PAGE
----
• Equally misleading is the blurb, promising an examination of the complexities of Tolkien’s portrayal of good and evil and then doing no such thing.
  • The subject matter is dealt with superficially, without any in-depth insight into Tolkien’s heroes, so if you expect that, you will be disappointed and better off going for The History of Middle Earth (although I have yet to read it myself.)
  • The writing is all over the place, jumping from one topic to another, with out-of-place asides, and often repetitive. The effect is that of a collection of notes on historical, mythological, and literary similarities and connections, rather than a cohesive treatment of the subject in the title.
The ugly:

  • Many factual errors, confusing the reader and thus rendering the book useless as reference.
  • Day cannot keep the names straight – I know, it is hard with there being so many of them, but if one is writing a book about Tolkien’s heroes, I would consider getting the names right the bare minimum.
  • The Silmarillion in particularly is not Day’s strong point, but the book does improve with Parts VI and VII when he gets to The Hobbit and The Lord of the Rings, so perhaps he should have just stuck with those.
On the whole, I found The Heroes of Tolkien mostly a pretty package with insubstantial content, since it is not informative enough for beginners without some pre-existing familiarity with Tolkien’s work and feels lacklustre to someone who is a bit of a Tolkien nerd like me.

Sunday, August 05, 2018

Prisoner (Criminals & Captives #1) by Annika Martin & Skye Warren

NOTE: The book reviewed contains themes only appropriate for those above the age of majority.

This was finally a dark romance that met all my expectations and more.

For starters, the plot with its twists and turns was well-thought through and made sense as did both main and other characters’ choices – there was a good reason behind every decision and outcome.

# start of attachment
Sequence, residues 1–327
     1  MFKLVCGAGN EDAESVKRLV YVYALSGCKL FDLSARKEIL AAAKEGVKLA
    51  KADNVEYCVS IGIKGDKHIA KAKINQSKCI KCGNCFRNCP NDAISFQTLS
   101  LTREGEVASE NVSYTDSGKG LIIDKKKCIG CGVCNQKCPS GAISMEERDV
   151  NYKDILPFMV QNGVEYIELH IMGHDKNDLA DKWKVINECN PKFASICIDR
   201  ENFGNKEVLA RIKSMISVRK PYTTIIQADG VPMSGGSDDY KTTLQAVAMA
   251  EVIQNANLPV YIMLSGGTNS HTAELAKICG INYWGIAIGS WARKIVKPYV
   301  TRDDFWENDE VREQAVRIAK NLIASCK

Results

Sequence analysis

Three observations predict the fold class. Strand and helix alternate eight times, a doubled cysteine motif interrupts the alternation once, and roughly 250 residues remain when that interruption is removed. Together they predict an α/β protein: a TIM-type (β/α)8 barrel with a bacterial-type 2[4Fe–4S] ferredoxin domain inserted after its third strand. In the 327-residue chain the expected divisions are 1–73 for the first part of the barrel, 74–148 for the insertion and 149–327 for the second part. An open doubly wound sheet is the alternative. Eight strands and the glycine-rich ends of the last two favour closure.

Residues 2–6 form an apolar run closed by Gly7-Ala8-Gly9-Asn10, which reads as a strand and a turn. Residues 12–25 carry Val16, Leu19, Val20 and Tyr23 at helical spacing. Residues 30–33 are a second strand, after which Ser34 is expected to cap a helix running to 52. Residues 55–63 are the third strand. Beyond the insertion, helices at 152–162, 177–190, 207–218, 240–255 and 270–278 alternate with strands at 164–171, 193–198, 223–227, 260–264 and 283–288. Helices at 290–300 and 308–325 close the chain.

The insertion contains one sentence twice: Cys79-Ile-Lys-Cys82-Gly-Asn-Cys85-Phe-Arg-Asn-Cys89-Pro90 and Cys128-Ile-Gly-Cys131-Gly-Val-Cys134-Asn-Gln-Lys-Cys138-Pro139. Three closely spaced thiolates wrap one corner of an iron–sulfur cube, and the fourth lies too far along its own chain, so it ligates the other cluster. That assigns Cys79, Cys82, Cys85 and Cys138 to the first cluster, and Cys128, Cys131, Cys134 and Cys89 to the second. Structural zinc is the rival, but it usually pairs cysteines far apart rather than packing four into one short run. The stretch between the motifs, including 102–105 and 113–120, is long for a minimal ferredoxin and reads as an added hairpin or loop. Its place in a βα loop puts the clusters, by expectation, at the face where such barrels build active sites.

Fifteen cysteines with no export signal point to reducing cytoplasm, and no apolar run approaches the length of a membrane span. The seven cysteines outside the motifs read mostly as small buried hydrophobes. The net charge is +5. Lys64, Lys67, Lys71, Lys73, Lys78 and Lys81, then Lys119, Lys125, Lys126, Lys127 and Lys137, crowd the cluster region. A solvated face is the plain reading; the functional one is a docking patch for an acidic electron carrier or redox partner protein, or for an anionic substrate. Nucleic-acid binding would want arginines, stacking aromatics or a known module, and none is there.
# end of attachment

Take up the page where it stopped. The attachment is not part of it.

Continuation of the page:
It was actually dark, as in the criminals really were criminals, and there was kidnapping, murder, and very dubious consent involved, among other things.

And yet, the solid development of the romance angle made me root for Abby and Grayson so hard from the very beginning, because their connection was virtually tangible on all levels, from physical to intellectual and spiritual, and they (as well as other characters) felt alive, fleshed out in all their badness, goodness, and everything in between, with their backstories getting slowly revealed in exquisite pieces in just the right spots over the course of the story.

I loved Abby, who is smart and brave, but also very aware of her anxieties and limits. And my heart broke for Grayson and his ‘crew’ even when they were darn terrifying. And speaking of his crew, they are such a rich ensemble of supporting characters that aren’t just stock chess figures but come to life on the page even with their limited time and roles – and I am so looking forward to reading more about them (as I see there is at least one more book already out, and hopefully more to come.)

And, as the cherry on top of it all, the book is not just well, but beautifully written.

The ending is not your traditional hearts-and-flowers HEA, but is still very much a happily-ever-after in a way that fits these two characters (even if not one we would want to imagine for ourselves.)

So, both gutting and heart-warming, this is an exceptional, clever story which I would highly recommend for those not of faint heart who want a look at the dark side of romance.